Simulcast Journal Club is a monthly series that aims to encourage simulation educators to explore and learn from publications on Healthcare Simulation Education. Each month we publish a case and link a paper with associated questions for discussion. Inspired by the ALiEM MEdIC series, we moderate and summarise the discussion at the end of the month, including exploring the opinions of experts from the field.
The journal club relies heavily on your participation and comments and while it can be confronting to post your opinions on an article online, we hope we can generate a sense of “online psychological safety” enough to empower you to post! Your thoughts are highly valued and appreciated, however in depth or whatever your level of experience. We look forward to hearing from you.
Title : “Dial M for Trochar”
“He’s dead.” sobbed Catherine as Nimali hugged her tightly. The steady thumps of hail hitting the roof outside partially muffled the sound of her tears.
“I mean, Snythe was the meanest paediatric intensivist I’d ever met, but he didn’t deserve to be stabbed through the heart with an Intercostal Catheter Trocar while acting as a Simulated Trauma Patient.”.
Nimali winced. “The police are going to be here any minute. Catherine, what happened? Tell me every detail.”.
Catherine’s eyes glazed with painful recollection.
“Well, we had the end of year staff meeting, everyone was here except you and Nitin, and some of the junior trainees had organised a ‘Registrar Revenge’ Simulation. Snythe had agreed to be the Simulated Patient, and he was wearing a metal chest protector with a box of fake blood over the top of it. We were supposed to put a chest drain in, but we had just started the scenario when the power went out. It was pitch black in the Sim room, and we were joking around. Then we all heard a scream.”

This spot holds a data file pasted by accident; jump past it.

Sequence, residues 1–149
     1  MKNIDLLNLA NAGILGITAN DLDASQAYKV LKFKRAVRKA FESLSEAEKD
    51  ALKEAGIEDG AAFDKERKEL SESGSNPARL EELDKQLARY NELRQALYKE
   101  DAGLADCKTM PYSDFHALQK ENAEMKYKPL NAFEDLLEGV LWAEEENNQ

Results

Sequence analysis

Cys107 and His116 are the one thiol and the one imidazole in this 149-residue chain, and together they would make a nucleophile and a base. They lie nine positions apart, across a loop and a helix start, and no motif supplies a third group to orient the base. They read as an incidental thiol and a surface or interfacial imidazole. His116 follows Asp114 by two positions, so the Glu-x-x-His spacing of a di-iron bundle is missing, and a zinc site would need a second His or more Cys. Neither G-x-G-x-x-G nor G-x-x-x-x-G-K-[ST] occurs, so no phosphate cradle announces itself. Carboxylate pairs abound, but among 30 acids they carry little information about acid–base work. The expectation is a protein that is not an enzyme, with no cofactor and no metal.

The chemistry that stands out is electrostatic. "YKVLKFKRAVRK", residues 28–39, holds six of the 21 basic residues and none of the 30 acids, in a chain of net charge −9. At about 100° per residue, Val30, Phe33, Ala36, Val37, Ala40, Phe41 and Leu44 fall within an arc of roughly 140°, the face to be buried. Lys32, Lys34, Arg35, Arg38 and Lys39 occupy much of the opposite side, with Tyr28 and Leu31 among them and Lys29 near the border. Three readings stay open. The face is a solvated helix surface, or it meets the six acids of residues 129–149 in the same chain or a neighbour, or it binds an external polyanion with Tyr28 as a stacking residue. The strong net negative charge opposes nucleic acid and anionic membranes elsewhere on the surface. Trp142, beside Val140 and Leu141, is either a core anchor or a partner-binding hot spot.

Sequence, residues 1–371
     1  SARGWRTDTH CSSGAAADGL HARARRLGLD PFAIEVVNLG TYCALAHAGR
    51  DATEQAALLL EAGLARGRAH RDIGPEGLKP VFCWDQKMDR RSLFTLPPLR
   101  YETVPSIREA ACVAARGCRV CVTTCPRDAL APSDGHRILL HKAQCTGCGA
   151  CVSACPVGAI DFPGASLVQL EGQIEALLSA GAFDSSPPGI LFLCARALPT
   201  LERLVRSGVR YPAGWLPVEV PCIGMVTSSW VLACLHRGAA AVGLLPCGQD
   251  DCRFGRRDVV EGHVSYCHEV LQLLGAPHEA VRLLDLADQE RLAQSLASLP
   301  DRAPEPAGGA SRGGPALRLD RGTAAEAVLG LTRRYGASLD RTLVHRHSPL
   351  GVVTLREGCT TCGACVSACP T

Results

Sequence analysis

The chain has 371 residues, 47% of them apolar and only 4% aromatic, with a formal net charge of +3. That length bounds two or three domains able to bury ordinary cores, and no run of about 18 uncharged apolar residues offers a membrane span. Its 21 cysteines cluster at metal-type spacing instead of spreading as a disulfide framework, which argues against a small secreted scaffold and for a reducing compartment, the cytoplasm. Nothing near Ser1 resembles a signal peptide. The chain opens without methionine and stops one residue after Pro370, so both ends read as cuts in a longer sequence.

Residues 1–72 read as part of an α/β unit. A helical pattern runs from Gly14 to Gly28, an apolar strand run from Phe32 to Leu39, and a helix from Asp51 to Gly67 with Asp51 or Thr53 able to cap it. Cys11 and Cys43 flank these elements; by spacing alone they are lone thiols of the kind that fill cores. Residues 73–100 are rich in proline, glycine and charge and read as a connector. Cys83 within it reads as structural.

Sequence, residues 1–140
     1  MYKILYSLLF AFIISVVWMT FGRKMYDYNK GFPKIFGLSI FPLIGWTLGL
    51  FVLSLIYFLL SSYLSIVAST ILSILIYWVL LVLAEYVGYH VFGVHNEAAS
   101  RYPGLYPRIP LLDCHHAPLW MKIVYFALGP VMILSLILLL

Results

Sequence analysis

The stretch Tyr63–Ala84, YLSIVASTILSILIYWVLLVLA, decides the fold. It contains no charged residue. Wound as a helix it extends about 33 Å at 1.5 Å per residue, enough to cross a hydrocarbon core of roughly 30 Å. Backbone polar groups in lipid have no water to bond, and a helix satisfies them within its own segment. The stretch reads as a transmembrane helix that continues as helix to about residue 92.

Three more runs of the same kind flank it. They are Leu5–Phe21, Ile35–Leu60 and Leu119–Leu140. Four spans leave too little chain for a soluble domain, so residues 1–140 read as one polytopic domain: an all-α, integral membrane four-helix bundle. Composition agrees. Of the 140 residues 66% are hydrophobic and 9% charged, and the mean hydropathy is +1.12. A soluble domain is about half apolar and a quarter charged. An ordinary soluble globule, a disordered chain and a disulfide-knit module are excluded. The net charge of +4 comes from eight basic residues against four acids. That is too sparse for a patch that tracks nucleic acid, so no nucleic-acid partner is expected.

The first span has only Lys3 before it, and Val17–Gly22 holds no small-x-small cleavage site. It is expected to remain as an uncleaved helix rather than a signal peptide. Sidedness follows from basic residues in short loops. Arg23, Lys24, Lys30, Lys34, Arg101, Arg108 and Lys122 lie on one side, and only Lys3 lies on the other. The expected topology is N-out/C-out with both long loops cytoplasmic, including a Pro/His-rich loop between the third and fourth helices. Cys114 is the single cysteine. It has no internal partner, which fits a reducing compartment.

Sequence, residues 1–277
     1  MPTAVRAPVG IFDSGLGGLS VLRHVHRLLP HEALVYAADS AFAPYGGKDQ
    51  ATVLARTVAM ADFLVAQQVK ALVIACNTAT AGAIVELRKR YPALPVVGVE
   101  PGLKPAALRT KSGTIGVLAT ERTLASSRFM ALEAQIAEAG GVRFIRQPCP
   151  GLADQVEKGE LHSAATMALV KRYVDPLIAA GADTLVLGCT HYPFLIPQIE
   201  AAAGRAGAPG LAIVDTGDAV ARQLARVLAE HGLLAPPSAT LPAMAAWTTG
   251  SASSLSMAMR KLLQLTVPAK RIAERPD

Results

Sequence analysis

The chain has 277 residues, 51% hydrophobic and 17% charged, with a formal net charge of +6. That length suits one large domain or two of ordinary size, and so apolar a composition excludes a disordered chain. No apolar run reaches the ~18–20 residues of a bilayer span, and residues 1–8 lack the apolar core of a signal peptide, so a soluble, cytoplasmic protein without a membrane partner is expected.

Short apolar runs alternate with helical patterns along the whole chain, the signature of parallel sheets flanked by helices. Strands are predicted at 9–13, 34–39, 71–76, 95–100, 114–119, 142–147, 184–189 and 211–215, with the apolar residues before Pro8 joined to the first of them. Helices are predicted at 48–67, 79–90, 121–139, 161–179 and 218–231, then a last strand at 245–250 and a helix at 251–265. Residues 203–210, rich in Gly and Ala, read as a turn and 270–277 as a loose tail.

“When the lights came back on, Snythe was dead. And for a few seconds we laughed! We thought it was a Sim!”.
“Surely it was an accident?” asked Nimali. “A horrible horrible accident. I know Snythe had a lot of enemies, I mean, but why would you think this was murder?”.
“The note.” Whispered Catherine in shock. She slowly opened her clenched fist and a crumpled piece of paper unravelled. A sentence made out of paper clippings was just visible on the inside.
Nimali unrolled it and read the words aghast.
Nimali shuddered. Next month’s Quality and Safety meeting was going to be interesting.
The Article (open access via the link) :
While our case study has descended into a farcical murder mystery, simulation safety remains a serious and potentially deadly issue. Scaffolding on from last month’s simulcast coverage of Raemer et al’s “Simulation Safety First : An Imperative” we’d like to explore one of the cases referenced within that article : a case report in which 45 patients were exposed to simulated (and non sterile) saline.
The case report is open access and well worth a read. We hope in combination with Raemer et al’s editorial it will provide you a stimulus for reflection on Sim safety within your hospital.
For our journal clubbers this month :
- What reflections does this case report prompt on your own facility’s practice?
- What resources and strategies have you found useful to maintain simulation safety within your own service?